San Francisco, CA, USA — It is not too late. Those are five words that apply to most of us when it comes to saving for our retirement. Joe Ducey reports on how we should invest now in order to build a comfortable retirement.
It could be the kids, it could be the jobs, but Phyllis and Chris Bright can’t find enough time to manage their money.
At a glance, the family finances appear picture perfect. They include large holdings of high-yielding employer stock, a big chunk of income going to 401k plans, and a whopping amount set aside for emergencies.
Still, the Brights are full of questions: “How much should you have liquid, how much available in one or two years? At what point more aggressive, at what point conservative? What should we be doing for our kids’ education?”
And they’d like to retire soon — very soon. “I’d like to retire at fifty, he always says that,” says Phyllis. “We, I don’t want to keep working if he’s not.”
But the biggest question is: Are you saving enough money to retire comfortably?
Here’s a basic formula to check. First, assume there’s a 10 percent return on your money and a 3 percent inflation rate. If you want to live at your current income level, say $100,000 a year for 20 years after retirement, then you’ll need 13 times that amount in retirement savings, or $1.3 million.
We asked David Yeske, a San Francisco certified financial planner, if the Brights’ outlook matched their name. “They’ve done a good job,” he says.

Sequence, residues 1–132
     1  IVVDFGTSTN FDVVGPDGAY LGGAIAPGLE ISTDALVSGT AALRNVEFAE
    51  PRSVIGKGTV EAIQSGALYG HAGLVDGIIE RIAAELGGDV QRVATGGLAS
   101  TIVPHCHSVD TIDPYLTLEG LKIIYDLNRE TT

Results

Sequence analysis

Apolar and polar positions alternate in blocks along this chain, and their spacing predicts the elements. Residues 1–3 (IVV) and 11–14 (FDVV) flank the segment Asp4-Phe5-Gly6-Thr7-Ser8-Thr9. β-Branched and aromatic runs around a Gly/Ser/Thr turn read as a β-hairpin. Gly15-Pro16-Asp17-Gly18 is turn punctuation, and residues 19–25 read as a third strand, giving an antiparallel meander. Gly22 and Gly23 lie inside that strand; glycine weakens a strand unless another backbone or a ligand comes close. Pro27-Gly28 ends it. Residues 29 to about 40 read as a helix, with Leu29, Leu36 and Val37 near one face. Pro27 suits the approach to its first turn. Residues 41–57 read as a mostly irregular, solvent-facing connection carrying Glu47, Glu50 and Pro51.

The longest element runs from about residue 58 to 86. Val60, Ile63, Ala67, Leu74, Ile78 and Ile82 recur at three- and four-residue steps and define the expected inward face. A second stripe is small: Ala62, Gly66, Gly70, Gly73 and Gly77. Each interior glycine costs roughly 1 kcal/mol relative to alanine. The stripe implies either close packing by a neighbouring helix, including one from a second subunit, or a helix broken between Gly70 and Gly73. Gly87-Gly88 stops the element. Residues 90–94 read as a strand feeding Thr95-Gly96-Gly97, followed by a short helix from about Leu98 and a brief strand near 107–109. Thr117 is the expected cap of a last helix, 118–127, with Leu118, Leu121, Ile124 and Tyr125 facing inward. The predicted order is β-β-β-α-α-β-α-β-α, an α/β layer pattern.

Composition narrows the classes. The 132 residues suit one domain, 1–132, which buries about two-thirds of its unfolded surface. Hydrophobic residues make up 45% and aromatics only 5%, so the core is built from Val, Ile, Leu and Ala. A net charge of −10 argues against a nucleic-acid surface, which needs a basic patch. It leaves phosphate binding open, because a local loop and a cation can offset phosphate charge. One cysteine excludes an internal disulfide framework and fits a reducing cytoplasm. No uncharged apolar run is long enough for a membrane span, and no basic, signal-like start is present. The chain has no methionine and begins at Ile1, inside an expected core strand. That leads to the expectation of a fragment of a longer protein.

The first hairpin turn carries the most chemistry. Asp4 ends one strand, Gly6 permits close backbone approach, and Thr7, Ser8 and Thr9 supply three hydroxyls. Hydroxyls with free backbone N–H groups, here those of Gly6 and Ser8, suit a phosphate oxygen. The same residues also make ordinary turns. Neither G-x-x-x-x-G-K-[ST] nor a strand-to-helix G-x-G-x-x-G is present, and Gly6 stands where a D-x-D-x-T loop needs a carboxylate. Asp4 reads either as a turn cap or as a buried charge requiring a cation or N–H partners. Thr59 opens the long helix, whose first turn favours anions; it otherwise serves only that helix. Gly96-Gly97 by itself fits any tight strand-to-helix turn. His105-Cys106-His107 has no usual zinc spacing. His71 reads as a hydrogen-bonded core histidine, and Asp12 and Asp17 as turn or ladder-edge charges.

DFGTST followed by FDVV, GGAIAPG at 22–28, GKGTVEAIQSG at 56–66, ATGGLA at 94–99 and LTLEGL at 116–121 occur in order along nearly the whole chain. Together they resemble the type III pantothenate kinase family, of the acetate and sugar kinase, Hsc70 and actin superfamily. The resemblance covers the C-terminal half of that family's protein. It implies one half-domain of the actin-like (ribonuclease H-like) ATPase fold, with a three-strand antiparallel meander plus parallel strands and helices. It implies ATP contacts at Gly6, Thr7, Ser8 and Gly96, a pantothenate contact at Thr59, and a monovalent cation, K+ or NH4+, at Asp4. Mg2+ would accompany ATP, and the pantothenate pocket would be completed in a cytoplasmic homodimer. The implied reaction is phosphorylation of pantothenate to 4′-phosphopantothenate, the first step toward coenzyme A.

But, Yeske also sees potential trouble. One is a common Bay Area problem: an unwillingness for high-tech employees to diversify; to get rid of so much high yielding company stock. The Brights have 80 percent of their retirement money there.
“In a sense, you’re doubly undiversified,” says Yeske. “Your portfolio and your job depend on fortunes of one company.”
That’s risky, so Yeske would slash the 80 percent, leaving just 6 percent of their retirement money in employer stock.
Also, while the Brights now keep 4 percent of their funds in low-yielding money market accounts, Yeske would cut that to just 1 percent.
So, where should the Brights be putting their money? Yeske says this is how their new plan should look: 1 percent cash, 14 percent bonds, 24 percent U.S. large company stocks, 6 percent employer stock, 25 percent U.S. small cap stocks, 30 percent international stocks. He recommends the same for most 40-somethings.
And when it comes to insurance, Yeske says the Brights pocket some quick savings by doubling or even tripling their $250 auto and $500 homeowners deductible. “I’m a big believer in self-insurance,” he adds.
Yeske also advises the Brights keep up their hefty contributions to 401k plans now at 16 percent combined. That’s tax deferred money!
And it can really add up. Assuming an 8 percent return, if you saved just $25 a month for 40 years, you would have $80,000 more for retirement. If you managed $75 more, it would add another $241,000 to your account.
Along with their investments, the Brights have been smart about living within their means: not buying a more expensive home, keeping credit debt down. And it’s working.
What does Yeske think about that retirement goal of 50?
“It’s absolutely doable,” he says.
“It’s always been a pipedream before, and working and being conservative in spending looks like it’s paying off,” says Phyllis.